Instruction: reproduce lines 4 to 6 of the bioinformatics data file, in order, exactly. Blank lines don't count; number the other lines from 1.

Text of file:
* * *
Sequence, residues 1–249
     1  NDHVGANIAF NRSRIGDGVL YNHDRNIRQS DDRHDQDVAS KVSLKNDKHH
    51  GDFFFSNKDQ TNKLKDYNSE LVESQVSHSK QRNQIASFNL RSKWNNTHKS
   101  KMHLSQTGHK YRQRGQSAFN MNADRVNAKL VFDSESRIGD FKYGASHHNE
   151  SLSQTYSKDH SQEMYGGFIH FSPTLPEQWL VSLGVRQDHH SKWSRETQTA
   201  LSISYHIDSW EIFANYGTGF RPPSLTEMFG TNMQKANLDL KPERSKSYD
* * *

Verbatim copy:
   101  KMHLSQTGHK YRQRGQSAFN MNADRVNAKL VFDSESRIGD FKYGASHHNE
   151  SLSQTYSKDH SQEMYGGFIH FSPTLPEQWL VSLGVRQDHH SKWSRETQTA
   201  LSISYHIDSW EIFANYGTGF RPPSLTEMFG TNMQKANLDL KPERSKSYD